October 18 – Assistant Director, Growth – The former Head of Property Services at Peterborough City arrived via secondment to Opportunity Peterborough
October 18 – Chief Executive of InvestSK – previously Chief Executive of Opportunity Peterborough
January 19 – As part of the launch of the Council’s new LLP venture, DeliverSK, SKDC has recruited the Peterborough City Council’s former Director of Growth and Regeneration.
Informally, staff and Councillors at SKDC have joked that the easiest way to recruit new member of staff is to phone Peterborough City Council. There will come a time when this will stop being funny.
I apologise that this post is quite so long and complicated. I also apologise if I have misrepresented any of the detail; if so, I would be happy to correct if someone can explain more effectively.
*NB For the record, this post is not questioning the abilities or integrity of any individual members of staff, the purpose is to raise concerns over the recruitment and procurement processes and whether they meet the legal requirements regarding transparency, equality, and appointing staff ‘on merit’)
At SKDC Cabinet at Stamford Town Hall last week I was given a dressing-down by the Council Leader, Cllr Matthew Lee (Con), for a perceived lack of manners because I took this photo without asking permission.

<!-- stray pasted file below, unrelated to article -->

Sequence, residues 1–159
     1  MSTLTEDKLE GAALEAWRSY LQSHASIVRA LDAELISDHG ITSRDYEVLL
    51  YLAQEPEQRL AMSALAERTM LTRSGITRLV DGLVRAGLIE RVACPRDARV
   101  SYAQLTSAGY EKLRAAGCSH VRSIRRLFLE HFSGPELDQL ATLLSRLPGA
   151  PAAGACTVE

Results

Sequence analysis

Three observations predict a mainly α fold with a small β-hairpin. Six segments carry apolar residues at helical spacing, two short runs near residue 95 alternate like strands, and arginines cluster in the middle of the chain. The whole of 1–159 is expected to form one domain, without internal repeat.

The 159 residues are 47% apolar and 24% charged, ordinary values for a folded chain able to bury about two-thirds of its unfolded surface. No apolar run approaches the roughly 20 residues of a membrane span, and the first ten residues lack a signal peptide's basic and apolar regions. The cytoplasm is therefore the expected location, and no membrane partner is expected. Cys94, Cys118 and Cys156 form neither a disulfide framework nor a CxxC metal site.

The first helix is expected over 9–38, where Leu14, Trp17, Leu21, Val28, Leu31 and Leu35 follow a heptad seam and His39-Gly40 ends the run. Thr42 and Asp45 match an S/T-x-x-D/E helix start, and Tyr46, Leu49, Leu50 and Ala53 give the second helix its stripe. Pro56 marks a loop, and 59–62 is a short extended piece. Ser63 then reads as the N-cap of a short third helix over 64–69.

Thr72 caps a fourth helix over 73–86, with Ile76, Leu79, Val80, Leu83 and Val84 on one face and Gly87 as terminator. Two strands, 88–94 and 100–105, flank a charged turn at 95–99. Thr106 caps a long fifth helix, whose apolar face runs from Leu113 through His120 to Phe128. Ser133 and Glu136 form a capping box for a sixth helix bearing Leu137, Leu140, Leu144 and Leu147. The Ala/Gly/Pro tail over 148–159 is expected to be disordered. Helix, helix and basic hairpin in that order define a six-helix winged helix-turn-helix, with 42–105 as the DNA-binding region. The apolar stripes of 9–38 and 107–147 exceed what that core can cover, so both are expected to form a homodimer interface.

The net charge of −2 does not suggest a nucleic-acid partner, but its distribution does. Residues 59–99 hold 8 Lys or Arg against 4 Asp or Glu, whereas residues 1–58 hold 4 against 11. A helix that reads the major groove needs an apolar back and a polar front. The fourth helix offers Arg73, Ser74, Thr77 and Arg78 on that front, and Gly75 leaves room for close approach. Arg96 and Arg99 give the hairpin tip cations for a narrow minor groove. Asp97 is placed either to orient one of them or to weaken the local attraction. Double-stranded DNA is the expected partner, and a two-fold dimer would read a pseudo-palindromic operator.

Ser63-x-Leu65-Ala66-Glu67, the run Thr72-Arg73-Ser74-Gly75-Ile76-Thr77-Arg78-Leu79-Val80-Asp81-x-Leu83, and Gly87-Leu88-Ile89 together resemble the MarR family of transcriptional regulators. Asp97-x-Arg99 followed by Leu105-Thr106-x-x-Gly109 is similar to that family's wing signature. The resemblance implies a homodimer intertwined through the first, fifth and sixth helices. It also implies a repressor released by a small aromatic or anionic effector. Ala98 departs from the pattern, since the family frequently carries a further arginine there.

Here is the text of an e-mail I have sent to various Committee Chairs in response…
At a ‘private meeting’ last week, the Grantham Charter Trustees decided, as usual, to welcome the Belvoir Hunt to St Peter’s Hill in the town on Boxing Day.
This is a Deepings-based blog and I don’t intend to make a habit of reporting news about Grantham but this week’s decision by the Grantham Charter Trustees is interesting for a few different reasons.
Who are the Charter Trustees?
The Grantham Charter Trustees are the custodians of the mayoral chain of Grantham which would otherwise have become homeless at the abolition of Grantham Borough Council in 1974. The functions of the Council were transferred to South Kesteven District Council but it’s a shame to waste a mayoral chain and a coat of arms and so the Charter Trustees were established to uphold the traditions and reputation of the town. The fourteen Trustees are the SKDC District Councillors who represent Grantham, i.e. two from each of the seven wards.
Why were they meeting in private?